Sgt. Hack on Highway 13 outside of Lai Khe, Vietnam, 1968

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BIO: SFC David D. Hack, U.S. Army, Retired

SFC (Ret) David Hack was raised in rural Kentucky and later in Louisville, Kentucky. David Hack joined the U.S. Coast Guard in 1957 at the age of 17 and served four years. In 1964, he enlisted in the Army, volunteering for Ranger Training. He processed through the recruiter in Phoenix, AZ and then Fort Ord, CA, to the Ranger Department at Fort Benning, GA, in 1965, fully believing he was on track for Ranger School training. Based on his prior service in the Coast Guard, he was immediately assigned to serve as a Harbor Craft Boatswain at the Ranger Department’s camp at Eglin Air Force Base, FL, while waiting for his Ranger class start date.

For 21 days a month for 2-years, while assigned to the Ranger Department, he supported over 20 Ranger School training cycles, always believing that his own start date would come. However, his own desire to attend Ranger Training took second place to the needs of the Army and SGT Hack loyally served on the Ranger Training Cadre preparing young Army Soldiers and officers for combat in Vietnam. Although during his 24-months supporting Ranger training he did not complete the two-month Ranger training program and never wore a Ranger Tab, subsequent assignment officers and leaders reviewing his assignments would recurrently see his assignment to 1st Ranger Company, 1st Student Battalion, the Student Brigade, United States Army Infantry School, Fort Benning, and carefully manage his assignments to make best use of his talent and experience. Although Sarge is disappointed that he never got his Ranger class date and the opportunity to earn his Ranger Tab, he realizes the importance of his amphibious training responsibilities and is very proud of his two years of duty with the Ranger Training Brigade.

SFC Hack later joined the 1st Infantry Division and was serving as a sergeant with the Big Red One in Lai Khe, Vietnam, in 1968, when he was awarded the Purple Heart for combat injuries that ultimately ended his military career. He actually suffered injuries on two occasions, taking shrapnel to the leg, arm, face, back and side. He spent a full year in a U.S. Army hospital in Fort Knox and was three years on medical hold.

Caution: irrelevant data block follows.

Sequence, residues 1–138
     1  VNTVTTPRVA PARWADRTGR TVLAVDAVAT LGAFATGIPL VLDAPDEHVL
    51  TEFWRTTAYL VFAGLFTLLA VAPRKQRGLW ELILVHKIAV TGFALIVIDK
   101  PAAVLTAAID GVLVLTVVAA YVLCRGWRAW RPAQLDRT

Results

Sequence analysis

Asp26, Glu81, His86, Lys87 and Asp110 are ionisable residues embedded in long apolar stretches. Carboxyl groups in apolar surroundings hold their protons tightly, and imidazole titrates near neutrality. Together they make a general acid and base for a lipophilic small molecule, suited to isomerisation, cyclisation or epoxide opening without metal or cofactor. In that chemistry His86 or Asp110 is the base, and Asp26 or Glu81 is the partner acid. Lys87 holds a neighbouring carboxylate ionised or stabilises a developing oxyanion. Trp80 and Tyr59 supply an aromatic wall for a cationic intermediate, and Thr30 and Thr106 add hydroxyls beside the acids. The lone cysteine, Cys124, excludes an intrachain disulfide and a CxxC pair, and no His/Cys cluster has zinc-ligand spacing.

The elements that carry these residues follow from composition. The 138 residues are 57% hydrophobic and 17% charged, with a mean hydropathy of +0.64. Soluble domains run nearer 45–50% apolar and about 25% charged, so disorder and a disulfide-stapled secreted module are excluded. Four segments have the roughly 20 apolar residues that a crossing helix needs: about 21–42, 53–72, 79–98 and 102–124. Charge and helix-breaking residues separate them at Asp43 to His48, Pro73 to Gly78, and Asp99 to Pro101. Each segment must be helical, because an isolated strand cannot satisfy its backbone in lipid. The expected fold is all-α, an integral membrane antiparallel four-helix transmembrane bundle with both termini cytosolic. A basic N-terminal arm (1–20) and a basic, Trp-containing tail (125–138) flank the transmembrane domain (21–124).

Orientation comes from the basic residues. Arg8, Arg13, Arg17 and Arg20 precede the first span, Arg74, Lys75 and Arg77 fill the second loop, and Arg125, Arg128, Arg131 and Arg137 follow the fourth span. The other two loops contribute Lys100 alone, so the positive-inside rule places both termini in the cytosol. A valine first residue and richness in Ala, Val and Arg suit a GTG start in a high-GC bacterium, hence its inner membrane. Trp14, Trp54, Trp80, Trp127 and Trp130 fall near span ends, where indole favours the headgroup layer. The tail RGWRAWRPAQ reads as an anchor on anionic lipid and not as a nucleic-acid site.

The Department of the Army asked SFC Hack to be a recruiter, and he was assigned the Akron, Cuyahoga Falls, and Tallmadge, Ohio area.

He gained nationwide recognition as a top Army recruiter. His distinctive recruiting tools, which included a “Sgt. Hack Wants You” T-shirt, a custom Army jeep, and a custom-painted Corvette, helped make SFC Hack the United States’ No. 1 recruiter from 1969 to 1973. The jeep he used is on display at Fort Campbell, Kentucky, home of the 101st Airborne Division. The only other jeep ever to be enshrined in a U.S. military museum belonged to GEN George S. Patton, whose jeep is enshrined at Fort Knox.

In the years that followed his retirement from the Army, SFC Hack served in the Hudson Township Police Department and in the Summit County Sheriff’s Department. He finally ended his police career as the Sebring, Ohio, Chief of Police.

In 1985, he and his wife, Lani, founded U.S. Wings, a family-operated company in Boston Heights (Hudson), Ohio, which supplies bomber jackets and aviation gear to all branches of the armed forces.

SFC Hack is a Life Member of the 101st Airborne Division, the 1st Infantry Division, the Veterans of Foreign Wars of the United States (VFW), and the Ohio Association of Chiefs of Police. In 2011, he was formally presented with a Purple Heart, a Vietnam Service Medal, and Army Recruiter Badge and other honors at a ceremony held by Ohio Congressman Steven LaTourette.

This bio is also available at SgtHackBio.com.

Sgt. Hack’s original military records are on file with The National Personnel Records Center, 9700 Page Ave, St. Louis MO, 63132-5100.


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